No fewer than 44 migrants from Nigeria and Ghana have died in the Sahara Desert after their truck broke down in arid northern Niger.
The Red Cross said the migrants, most of whom have not been identified, died this week and according to Reuters, six survivors walked to a remote village where they said that 44 people, mostly from Ghana and Nigeria and including three babies and two other children, died of thirst, said Lawal Taher, the department head for the Red Cross in the Bilma region.
Taher said a search for the bodies was underway. The number of migrants who cross the Sahara has increased in recent years as impoverished West Africans risk their lives to try to reach Europe.
‘Extremely dry and difficult conditions’
Faced with tough conditions in their countries, many decide to leave. This has turned Niger’s desert north into a major transit area for migrants, according to the International Organization for Migration, and many human smugglers operate there.
Algeria and Libya are the final destinations for some travelers, while others seek to reach Europe, said Laura Lungarotti, migrant assistance regional specialist in the IOM’s west and central Africa office in Senegal. Most are from Niger, although others also come from central and western Africa.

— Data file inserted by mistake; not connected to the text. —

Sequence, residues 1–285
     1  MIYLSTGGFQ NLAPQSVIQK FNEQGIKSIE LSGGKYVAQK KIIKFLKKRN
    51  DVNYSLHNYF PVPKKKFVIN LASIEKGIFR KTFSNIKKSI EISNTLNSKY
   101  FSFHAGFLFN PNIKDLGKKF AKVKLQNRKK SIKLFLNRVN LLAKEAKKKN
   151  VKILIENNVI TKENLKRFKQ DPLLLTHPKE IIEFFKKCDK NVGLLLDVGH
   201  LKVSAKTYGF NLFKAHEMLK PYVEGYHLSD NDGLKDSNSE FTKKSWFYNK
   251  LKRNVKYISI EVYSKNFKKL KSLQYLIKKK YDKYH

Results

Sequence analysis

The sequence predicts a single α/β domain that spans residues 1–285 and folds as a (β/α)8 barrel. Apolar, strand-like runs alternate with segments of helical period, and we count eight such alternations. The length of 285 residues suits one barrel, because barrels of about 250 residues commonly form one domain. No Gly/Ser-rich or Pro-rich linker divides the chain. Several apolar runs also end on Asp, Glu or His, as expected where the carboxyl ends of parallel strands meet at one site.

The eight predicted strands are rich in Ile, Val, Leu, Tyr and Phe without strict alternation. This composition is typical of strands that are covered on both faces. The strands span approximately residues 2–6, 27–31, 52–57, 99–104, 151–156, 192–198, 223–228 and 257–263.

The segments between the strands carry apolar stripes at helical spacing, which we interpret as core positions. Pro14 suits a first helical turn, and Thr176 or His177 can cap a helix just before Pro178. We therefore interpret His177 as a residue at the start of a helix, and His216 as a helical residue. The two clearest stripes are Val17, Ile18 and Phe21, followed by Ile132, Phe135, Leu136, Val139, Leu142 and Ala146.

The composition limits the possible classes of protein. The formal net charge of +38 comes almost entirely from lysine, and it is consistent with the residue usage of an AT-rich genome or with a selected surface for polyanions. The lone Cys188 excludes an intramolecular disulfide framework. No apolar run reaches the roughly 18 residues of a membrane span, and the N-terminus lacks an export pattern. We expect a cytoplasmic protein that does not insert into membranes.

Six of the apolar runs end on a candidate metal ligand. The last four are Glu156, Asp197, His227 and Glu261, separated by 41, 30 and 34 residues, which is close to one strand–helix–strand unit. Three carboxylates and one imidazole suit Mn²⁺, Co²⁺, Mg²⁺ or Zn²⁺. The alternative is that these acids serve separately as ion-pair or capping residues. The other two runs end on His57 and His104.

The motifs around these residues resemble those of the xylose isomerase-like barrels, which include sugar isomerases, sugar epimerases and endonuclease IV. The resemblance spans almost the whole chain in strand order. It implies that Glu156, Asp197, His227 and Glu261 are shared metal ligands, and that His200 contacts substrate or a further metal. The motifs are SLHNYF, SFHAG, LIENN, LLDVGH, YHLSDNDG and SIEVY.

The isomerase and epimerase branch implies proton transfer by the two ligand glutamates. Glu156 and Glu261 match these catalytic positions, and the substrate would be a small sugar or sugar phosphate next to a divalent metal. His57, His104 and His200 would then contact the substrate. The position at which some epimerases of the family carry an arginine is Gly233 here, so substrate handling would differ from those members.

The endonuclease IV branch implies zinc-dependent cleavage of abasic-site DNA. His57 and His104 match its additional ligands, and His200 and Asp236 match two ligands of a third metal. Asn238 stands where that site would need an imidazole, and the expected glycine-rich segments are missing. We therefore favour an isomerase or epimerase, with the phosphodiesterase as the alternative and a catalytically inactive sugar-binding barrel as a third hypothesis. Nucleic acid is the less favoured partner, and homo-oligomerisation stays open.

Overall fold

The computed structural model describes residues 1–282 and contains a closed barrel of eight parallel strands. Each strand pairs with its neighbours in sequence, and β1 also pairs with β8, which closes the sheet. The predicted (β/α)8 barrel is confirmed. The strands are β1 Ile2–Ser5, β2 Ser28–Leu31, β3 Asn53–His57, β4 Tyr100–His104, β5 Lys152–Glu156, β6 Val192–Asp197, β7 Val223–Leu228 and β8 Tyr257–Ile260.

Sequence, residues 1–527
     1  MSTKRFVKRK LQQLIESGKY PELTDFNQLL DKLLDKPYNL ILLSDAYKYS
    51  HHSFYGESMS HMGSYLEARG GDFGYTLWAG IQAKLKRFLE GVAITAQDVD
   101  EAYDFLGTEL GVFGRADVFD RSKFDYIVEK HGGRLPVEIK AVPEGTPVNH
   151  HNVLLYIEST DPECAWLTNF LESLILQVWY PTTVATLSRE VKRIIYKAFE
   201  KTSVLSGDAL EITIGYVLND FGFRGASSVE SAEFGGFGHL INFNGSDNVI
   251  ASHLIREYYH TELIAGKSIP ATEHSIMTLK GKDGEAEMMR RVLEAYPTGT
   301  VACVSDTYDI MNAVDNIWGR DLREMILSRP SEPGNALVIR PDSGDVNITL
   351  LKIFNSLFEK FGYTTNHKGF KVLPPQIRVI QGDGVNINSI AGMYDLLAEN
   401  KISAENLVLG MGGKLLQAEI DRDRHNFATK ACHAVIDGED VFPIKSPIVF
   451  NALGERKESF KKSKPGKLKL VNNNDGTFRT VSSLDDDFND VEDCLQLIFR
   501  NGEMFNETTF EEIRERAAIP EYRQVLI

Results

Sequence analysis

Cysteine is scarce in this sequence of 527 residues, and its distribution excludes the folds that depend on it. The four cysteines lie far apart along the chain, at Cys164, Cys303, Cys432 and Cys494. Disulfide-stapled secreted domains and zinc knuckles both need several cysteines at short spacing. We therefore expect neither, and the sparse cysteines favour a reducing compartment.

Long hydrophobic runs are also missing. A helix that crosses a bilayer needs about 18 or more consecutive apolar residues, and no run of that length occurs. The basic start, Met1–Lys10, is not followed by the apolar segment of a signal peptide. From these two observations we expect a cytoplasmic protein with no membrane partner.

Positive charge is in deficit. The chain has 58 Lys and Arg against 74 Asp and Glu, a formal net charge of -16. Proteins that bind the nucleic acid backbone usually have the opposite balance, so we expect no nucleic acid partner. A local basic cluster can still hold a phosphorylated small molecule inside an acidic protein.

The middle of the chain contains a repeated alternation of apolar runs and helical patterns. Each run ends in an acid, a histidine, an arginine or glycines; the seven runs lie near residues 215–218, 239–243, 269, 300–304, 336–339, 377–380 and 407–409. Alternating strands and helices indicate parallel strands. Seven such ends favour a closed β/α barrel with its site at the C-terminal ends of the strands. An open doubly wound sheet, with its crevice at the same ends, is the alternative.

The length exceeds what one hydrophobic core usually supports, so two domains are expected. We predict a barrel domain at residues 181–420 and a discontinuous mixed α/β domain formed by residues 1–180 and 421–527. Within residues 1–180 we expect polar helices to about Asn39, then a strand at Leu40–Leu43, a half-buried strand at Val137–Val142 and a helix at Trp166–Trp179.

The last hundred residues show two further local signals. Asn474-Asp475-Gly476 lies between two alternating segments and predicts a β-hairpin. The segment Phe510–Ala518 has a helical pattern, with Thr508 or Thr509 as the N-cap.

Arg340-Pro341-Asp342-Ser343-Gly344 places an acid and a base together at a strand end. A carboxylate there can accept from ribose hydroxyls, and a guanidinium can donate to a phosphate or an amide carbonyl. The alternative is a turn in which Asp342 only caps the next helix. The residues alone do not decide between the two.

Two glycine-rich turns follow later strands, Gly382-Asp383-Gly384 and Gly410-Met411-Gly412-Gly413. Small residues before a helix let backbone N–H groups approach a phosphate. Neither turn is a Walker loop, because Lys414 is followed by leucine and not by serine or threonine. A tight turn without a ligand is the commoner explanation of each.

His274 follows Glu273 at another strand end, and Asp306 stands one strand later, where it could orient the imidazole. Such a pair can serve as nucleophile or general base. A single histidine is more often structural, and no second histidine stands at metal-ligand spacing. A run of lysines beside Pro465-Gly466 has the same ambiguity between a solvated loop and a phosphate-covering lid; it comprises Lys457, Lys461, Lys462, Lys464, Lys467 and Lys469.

Once they embark on their journeys, they face “extremely dry and difficult conditions,” she said. Those who get stranded in the desert face a challenge to survive.
Part of the problem is that many would-be migrants are stopped by Algerian or Libyan authorities and are expelled back over the border into Niger’s desert, Lungarotti said.
Some of those kicked out are transported directly to two transit centers run by the IOM — outposts in the desert where the migrants can receive food, water and first aid. Others manage to make their own way there.
Despite the dangers, the migrants’ numbers have been increasing since the beginning of this year, Lungarotti said.
Over the past 10 months, more than 15,000 from Niger and 1,300 from other countries have reached the two transit centers — one in Arlit, closer to Algeria, and the other in Dirkou, nearer to the Libyan border.
Some who’ve made their way back from Libya have told of being held in detention where they suffered harsh treatment, Lungarotti said.
Before Libya’s revolution overthrew the regime of strongman Moammar Gadhafi two years ago, many migrants from Niger worked in its construction and agricultural sectors. But the instability forced many out.
The recent conflict in northern Mali also sent about 60,000 refugees over the border into Niger, according to the European Community Humanitarian Office, adding to the pressure on its meager resources.